Merveilles du XIIIe au XIXe siècle: Les Vitraux de la cathédrale de Sens. Bernard Brousse, Claire Pernuit and Françoise Perrot, with photography by Antoine Philippe. Garche: Editions A Propos, 2013. 224pp. ISBN:9782915398120. 39 euros. 315x225mm.
2014 saw the 850th anniversary of the consecration the cathedral of Saint-Étienne at Sens, and this volume was produced as part of those celebrations. It gives a brief introduction to the building and its history by Bernard Brousse, a specialist on the cathedral, followed by a five-page article on the history of the glass by Françoise Perrot of the Centre National de la Recherche Scientifique; Claire Pernuit follows this with consideration of the thirteenth-century windows, giving a full-page colour illustration of each one, together with selected details and a panel by panel description of the window. Bernard Brousse then gives similar treatment to the sixteenth-century windows. A plan showing the windows of the cathedral, based on that used by the French CVMA, is given, followed by complete photographic coverage in smaller colour images of every window, including those of the nineteenth century. A bibliography lists works on the cathedral and on its glass, as well as selected iconographic works and notes of relevant archival sources. An index is also provided.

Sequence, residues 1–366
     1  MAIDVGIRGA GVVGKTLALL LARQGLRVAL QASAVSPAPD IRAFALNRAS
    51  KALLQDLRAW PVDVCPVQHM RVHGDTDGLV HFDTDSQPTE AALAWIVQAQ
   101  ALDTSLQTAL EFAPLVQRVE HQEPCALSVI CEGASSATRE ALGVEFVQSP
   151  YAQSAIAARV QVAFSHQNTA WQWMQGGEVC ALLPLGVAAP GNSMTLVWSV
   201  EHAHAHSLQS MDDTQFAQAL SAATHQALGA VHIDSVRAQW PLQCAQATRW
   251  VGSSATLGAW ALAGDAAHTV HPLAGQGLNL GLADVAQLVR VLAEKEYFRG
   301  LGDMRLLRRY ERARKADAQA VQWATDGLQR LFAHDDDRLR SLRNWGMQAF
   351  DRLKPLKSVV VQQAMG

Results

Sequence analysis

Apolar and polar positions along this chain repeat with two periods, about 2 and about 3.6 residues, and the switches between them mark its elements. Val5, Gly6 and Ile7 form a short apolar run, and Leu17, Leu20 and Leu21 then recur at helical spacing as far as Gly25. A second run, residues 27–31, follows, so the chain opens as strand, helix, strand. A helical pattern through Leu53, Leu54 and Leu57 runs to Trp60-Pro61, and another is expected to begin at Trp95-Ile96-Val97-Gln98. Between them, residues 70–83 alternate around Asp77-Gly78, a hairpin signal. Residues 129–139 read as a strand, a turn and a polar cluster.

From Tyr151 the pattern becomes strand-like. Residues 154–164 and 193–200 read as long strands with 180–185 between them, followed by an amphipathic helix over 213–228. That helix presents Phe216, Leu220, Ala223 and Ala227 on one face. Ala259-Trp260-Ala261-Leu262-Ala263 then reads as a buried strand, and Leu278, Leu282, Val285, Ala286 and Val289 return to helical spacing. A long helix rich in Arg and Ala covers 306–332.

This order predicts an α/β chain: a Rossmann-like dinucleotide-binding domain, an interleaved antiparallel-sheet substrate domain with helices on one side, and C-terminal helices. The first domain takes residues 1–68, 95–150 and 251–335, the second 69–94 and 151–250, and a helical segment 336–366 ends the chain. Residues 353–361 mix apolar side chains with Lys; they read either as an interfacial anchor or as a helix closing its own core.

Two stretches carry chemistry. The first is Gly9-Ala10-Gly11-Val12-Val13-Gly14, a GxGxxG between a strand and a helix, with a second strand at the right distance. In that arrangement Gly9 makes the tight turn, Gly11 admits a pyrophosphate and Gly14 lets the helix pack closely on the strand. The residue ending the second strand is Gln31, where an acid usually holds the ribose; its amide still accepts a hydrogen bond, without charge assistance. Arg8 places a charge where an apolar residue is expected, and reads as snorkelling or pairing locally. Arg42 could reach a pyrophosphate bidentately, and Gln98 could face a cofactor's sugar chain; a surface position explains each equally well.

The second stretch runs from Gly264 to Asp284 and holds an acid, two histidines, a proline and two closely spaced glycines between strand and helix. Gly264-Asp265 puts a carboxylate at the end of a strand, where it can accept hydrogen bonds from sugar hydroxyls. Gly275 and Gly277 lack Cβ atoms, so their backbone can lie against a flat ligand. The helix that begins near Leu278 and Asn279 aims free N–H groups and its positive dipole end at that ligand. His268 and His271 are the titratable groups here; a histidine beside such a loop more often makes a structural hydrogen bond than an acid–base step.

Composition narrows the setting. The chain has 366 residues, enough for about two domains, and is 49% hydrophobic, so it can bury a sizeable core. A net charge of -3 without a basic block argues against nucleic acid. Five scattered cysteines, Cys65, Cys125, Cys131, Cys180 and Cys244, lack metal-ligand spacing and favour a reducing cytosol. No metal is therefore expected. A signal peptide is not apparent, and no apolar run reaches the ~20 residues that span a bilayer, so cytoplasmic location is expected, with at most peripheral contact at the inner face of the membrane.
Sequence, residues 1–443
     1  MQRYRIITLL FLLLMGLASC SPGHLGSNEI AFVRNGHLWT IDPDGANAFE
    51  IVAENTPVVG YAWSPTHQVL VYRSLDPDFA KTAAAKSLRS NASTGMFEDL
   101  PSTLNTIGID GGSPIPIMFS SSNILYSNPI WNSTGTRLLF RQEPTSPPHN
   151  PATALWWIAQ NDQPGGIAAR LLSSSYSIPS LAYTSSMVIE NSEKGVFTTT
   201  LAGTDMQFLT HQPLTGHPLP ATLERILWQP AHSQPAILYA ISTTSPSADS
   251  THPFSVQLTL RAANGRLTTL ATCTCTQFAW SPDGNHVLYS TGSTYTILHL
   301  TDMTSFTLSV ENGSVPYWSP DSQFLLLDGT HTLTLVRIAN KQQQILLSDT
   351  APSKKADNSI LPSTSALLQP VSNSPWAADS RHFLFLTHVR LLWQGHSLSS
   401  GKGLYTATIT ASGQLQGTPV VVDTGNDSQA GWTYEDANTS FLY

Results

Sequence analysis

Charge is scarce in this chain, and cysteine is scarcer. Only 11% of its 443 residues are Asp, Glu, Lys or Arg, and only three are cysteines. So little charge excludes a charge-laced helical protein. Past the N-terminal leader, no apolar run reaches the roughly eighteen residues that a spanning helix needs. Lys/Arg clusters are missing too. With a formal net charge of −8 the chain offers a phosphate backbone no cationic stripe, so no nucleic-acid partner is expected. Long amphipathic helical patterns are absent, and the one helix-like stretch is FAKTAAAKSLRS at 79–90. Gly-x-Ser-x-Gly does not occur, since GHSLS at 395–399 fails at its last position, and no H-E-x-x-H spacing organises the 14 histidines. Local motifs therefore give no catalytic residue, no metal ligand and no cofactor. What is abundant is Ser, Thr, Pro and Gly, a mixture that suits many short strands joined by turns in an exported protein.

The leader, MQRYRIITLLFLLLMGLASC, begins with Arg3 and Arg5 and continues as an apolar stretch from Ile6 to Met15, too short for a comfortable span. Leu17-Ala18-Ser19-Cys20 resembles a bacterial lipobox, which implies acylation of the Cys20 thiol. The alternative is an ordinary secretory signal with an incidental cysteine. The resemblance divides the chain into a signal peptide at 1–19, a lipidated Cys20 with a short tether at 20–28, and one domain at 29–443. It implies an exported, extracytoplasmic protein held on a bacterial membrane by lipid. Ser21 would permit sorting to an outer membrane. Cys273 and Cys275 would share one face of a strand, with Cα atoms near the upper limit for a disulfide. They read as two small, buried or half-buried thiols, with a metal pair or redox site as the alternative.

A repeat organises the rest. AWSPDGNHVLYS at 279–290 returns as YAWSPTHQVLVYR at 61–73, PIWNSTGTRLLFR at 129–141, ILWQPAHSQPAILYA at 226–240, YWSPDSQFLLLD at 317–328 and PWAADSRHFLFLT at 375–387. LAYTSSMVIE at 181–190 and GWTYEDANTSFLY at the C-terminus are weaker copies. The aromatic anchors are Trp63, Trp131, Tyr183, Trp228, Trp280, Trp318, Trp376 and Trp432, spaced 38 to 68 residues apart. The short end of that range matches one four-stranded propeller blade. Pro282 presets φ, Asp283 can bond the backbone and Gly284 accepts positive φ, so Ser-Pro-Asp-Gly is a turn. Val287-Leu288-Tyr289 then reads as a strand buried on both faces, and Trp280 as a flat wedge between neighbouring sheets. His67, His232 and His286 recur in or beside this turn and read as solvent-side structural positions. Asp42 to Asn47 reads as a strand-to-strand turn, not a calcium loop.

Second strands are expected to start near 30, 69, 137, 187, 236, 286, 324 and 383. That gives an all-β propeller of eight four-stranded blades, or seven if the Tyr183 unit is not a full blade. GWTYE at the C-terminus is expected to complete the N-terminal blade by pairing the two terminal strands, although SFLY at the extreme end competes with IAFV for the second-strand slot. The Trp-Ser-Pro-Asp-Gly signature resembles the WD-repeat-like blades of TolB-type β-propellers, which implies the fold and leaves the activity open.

Of particular interest to me was the early thirteenth-century Becket window. Becket was at Sens in 1164 and again, in exile, from 1166 to 1170, before his return to England and martyrdom. Some of his vestments are preserved at Sens, hence, perhaps, the presence of a window devoted to his story. Other early thirteenth-century windows are devoted to the parables of the Prodigal Son and the Good Samaritan, and the story of St Eustace, and these make interesting comparison with similar windows on these subjects at Bourges and Chartres. Of the sixteenth-century glass I was especially struck by the splendid images of the early sixteenth-century Jesse Tree window [fig. 1].
I was particularly keen to see this volume, since when I visited Sens in 1992 to photograph the early glass, almost all of my slides were ruined by the processing laboratory! It is therefore even more of a pleasure to note that the photography by Antoine Philippe is of a very high standard. The whole volume is exceedingly useful, either as a stand-alone guide to the glass, or as a supplement to the entry on the Sens glass in the 1986 French CVMA recensement volume (III: Les Vitraux de Bourgogne, Franche-Compté et Rhône-Alpes, pp. 177–88), providing excellent coverage of the early glass in colour. The work is excellent value, and may be secured even more cheaply on Amazon.